After the Bouchard-Taylor Commission: Religious Accommodation and Human Rights in Quebec

Jocelyn Maclure


Like other liberal democracies, Canada and Quebec is facing important challenges raised by moral and religious diversity, such as the legitimacy of reasonable accommodations and the meaning of secularism in a pluralistic society. Focusing on these latter issues in the context of Quebec’s recent history and political culture, with a particular emphasis on the 2007-08 Consultation Commission on Accommodation Practices Related to Cultural Differences, I intend to outline the current state of the debate in Quebec. First, I define the legal obligation to accommodate and specify what are its limits. Second, I pinpoint the meaning of secularism and defend a liberal and pluralist conception. Third, I discuss the main piece of legislation (Bill 94) that was drafted by the Government of Quebec in response to the recommendations of the aforementioned Commission.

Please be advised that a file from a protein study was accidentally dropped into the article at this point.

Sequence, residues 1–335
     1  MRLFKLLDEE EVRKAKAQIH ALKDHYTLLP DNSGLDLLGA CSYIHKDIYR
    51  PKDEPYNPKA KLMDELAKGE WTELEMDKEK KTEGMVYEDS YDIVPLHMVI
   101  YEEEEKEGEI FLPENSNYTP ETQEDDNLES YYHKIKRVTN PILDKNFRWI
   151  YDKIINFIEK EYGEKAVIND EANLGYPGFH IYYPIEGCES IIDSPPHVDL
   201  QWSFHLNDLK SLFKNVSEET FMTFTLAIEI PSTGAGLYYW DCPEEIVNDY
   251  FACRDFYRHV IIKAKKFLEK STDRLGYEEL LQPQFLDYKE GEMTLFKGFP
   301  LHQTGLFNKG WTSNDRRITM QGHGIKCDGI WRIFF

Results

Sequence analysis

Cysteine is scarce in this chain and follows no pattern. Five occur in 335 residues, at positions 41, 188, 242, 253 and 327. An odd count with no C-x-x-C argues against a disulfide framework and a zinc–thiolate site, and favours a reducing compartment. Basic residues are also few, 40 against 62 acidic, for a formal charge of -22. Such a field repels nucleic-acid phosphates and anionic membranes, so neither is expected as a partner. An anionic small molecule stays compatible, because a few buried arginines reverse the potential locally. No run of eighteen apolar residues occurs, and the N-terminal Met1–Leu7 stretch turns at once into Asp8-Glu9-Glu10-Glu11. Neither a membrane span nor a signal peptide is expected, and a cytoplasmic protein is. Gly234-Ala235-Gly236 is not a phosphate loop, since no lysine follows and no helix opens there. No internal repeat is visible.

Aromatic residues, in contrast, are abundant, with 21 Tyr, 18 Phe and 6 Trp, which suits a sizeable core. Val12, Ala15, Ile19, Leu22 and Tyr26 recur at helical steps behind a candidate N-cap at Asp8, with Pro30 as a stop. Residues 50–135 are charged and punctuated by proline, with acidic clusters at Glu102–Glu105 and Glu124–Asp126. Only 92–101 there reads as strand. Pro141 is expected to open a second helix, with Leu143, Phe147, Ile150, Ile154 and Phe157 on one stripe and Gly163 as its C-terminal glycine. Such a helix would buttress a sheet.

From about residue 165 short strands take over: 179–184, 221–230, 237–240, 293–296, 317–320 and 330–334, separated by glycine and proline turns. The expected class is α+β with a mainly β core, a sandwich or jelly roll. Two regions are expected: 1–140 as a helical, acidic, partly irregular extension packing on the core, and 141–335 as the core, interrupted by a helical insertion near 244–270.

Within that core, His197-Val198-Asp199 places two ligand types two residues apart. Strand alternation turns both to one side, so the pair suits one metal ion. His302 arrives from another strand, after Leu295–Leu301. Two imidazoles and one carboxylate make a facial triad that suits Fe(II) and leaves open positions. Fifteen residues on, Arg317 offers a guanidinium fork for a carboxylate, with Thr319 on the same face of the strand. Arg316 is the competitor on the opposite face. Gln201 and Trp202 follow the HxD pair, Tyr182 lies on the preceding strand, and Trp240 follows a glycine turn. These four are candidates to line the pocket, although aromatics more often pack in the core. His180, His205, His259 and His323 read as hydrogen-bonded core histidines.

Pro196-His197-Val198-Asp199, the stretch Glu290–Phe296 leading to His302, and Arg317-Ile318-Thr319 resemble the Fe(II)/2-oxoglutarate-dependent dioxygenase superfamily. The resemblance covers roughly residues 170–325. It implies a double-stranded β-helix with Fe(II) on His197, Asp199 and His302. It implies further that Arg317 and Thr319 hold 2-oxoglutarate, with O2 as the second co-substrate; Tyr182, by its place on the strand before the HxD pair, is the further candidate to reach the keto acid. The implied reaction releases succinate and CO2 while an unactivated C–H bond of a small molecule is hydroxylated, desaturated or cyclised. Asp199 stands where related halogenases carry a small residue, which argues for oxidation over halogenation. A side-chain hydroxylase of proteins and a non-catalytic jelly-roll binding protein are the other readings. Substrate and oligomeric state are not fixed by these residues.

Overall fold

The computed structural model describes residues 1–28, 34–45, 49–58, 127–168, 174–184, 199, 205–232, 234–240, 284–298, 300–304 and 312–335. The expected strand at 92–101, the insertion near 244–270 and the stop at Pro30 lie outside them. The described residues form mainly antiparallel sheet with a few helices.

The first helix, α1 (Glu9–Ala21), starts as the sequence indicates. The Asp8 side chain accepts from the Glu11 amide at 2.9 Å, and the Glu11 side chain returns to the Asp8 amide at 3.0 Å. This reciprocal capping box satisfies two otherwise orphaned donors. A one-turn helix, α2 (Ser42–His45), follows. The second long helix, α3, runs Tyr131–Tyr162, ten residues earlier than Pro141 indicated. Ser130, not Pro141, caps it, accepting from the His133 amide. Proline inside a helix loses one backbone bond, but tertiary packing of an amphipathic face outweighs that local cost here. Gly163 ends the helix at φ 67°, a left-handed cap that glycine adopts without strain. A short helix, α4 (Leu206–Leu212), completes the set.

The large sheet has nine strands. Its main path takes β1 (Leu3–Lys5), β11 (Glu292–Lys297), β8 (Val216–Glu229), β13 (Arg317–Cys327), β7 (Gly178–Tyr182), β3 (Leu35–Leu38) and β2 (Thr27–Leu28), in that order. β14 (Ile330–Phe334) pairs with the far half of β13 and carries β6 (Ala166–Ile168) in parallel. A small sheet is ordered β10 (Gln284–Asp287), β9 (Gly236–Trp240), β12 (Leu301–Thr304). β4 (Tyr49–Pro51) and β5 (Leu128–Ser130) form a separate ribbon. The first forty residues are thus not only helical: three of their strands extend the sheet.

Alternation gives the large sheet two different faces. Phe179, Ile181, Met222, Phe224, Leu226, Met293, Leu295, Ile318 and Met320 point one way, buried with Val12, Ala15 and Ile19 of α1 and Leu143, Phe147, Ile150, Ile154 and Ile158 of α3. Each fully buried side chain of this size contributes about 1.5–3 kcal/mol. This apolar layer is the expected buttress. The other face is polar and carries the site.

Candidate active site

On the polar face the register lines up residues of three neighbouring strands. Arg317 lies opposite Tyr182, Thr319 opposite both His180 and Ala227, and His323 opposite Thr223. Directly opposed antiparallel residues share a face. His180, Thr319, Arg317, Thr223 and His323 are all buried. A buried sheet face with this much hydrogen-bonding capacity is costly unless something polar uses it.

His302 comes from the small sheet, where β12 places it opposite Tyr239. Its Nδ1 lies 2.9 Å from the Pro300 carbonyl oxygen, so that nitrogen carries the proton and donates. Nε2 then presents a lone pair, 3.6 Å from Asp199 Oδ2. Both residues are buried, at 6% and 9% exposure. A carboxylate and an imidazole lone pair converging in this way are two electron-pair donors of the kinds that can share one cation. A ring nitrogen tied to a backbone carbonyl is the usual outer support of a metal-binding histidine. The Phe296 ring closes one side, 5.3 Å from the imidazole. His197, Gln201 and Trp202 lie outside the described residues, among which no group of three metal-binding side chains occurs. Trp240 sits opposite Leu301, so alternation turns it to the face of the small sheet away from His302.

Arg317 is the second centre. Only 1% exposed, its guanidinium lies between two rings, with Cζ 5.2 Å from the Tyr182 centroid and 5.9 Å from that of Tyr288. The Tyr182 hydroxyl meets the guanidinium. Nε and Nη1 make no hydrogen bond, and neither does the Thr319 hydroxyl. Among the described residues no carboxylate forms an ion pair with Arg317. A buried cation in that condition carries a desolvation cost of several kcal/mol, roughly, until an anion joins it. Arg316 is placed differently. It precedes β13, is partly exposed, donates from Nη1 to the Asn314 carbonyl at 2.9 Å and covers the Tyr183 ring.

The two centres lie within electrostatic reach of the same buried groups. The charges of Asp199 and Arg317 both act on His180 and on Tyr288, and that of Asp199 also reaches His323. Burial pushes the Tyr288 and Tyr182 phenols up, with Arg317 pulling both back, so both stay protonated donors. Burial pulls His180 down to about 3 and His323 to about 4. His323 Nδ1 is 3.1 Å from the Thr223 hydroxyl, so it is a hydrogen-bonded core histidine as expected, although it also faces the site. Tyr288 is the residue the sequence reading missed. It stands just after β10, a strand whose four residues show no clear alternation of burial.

Published online: 11 December 2017


pluralism; religious diversity; secularism; reasonable accommodation (as a legal norm); concerted adjustments; freedom of conscience and religion; Quebec’s Consultation Commission on Accommodation Practices Related to Cultural Differences

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